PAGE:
Driving to Resort
Driving to a ski resort can be a great alternative to flying if journey time isn’t a factor.
If you've never driven to the Alps before, the trip can seem a little daunting, but with a few helpful tips and expert advice you can get on the road to the ski resorts in no time. With no expensive transfers, no luggage restrictions and the freedom to take it at your own pace, driving can be a great option for getting to the snow. It’s also good if you plan to travel between different ski areas whilst you’re away, or to save some money by staying in accommodation a bit further down the mountain and driving to your chosen ski area each day. There are a few thing worth considering if you’re planning on driving to the mountains, especially if you’re not experienced with driving in Europe or in snowy conditions.
Crossing the Channel
Le Shuttle is the quickest way to get your car to the continent – the crossing takes just 35 minutes and you’re closer to the motorway when you arrive in France so you can get on your way quicker too. It is generally more expensive than the ferry though. The Eurotunnel terminal is near Folkestone – junction 11A on the M20.
More details and online booking at eurotunnel.com.
Catching the Ferry
Taking your car on the ferry is usually the most economical way to get to the continent. The quickest and most popular route is Dover to Calais but there are several other routes you could consider depending on your UK starting point. These include: Folkestone to Calais, Portsmouth to Caen, Le Havre, St Malo or Cherbourg, Plymouth to Roscoff, Dover to Boulogne or Dunkirk, Newhaven to Dieppe, and Poole to Cherbourg or St Malo. If you are further north and want to save driving through England you can also go from Hull to Zeebrugge in Belgium or Rotterdam in the Netherlands or from Newcastle to Amsterdam. These ferries tend to be overnight and once you arrive it is best to head towards the German Autobahn. Alternatively from Dusseldorf you can put your car on an OBB sleeper train all the way to Innsbruck which takes around 12 hours and is usually a fairly reasonable price, details here - OBB.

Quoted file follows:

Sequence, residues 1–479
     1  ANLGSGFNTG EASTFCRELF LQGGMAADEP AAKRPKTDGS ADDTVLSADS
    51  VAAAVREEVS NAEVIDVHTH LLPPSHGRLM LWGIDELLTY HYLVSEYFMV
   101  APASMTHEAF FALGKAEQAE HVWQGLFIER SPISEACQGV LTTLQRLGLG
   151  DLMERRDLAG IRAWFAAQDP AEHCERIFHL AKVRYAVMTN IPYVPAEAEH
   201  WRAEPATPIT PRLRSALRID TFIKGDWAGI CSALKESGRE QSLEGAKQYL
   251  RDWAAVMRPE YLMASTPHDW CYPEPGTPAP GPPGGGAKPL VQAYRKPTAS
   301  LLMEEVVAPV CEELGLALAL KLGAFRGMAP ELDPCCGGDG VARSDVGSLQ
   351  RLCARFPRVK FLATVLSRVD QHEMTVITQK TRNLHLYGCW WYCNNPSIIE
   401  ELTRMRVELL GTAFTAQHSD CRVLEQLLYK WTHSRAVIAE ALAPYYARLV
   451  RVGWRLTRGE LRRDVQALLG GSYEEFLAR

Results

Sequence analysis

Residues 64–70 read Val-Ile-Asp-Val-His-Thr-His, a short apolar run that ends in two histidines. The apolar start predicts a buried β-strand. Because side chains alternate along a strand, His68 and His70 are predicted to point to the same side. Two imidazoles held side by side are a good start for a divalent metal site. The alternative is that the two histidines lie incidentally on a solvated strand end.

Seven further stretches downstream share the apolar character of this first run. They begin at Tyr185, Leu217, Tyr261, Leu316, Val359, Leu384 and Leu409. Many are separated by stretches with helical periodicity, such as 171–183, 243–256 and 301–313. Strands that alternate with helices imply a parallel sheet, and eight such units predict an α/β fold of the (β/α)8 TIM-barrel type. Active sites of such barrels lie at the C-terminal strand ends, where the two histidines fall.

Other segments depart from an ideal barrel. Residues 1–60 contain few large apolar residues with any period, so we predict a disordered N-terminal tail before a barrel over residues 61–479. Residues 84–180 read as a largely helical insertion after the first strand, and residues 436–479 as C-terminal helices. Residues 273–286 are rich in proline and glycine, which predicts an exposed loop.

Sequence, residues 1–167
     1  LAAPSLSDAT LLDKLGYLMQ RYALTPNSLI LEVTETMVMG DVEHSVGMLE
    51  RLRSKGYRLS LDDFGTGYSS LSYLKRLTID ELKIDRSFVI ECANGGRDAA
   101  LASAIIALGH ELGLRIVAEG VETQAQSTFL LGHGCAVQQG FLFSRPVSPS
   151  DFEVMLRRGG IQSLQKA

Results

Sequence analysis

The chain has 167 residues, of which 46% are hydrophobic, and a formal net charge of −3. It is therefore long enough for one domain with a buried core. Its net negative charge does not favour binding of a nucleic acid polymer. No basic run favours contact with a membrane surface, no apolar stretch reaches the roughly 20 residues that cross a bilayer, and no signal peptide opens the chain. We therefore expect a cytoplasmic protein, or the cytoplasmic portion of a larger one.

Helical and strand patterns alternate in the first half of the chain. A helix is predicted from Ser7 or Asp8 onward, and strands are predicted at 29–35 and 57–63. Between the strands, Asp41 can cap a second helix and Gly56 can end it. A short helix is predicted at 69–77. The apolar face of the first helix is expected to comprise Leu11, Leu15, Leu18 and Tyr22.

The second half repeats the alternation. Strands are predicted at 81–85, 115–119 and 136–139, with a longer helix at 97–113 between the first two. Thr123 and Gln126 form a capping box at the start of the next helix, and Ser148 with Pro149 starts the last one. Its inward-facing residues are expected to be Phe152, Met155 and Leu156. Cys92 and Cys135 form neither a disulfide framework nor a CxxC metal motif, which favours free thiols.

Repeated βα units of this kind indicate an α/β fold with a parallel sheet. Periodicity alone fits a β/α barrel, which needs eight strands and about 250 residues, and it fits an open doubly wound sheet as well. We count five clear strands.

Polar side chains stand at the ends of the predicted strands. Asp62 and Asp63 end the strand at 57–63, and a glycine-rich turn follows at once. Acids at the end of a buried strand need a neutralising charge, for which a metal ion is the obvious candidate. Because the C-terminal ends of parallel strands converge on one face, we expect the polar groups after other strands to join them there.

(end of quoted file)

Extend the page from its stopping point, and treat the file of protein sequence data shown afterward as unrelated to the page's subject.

Winter Driving Tips
There are plenty of things to consider about driving to resort in winter, and it’s worth taking some time to plan your journey in advance. Here are a few of our top tips:
- Snow chains – practice putting them on before you go, and also check them after driving 10 metres once they’re on, they go on the wheels with drive, so check if your car is front, rear or 4WD.
- Buy or borrow a satnav with European maps or make sure you can use mobile maps hands free.
- Check overseas regulations for driving abroad.
- Arrange overseas breakdown cover and insurance.
- Buses use both parts of the road on hairpin bends – always look ahead.
Driving in Snow
- Always keep a good distance between you and the vehicle in front.
- Keep your speed down and brake gently to avoid skidding.
- Stay in a high gear in icy or snowy conditions.
- It is the law to keep your headlights on in falling snow, make sure they are cleared of snow and remain clean.
- If your car gets stuck in the snow, try rocking the car by engaging a high gear and then reverse.
- It is compulsory to carry snow chains on many mountain roads, and in many places you must have winter or 4 season tyres on your vehicle.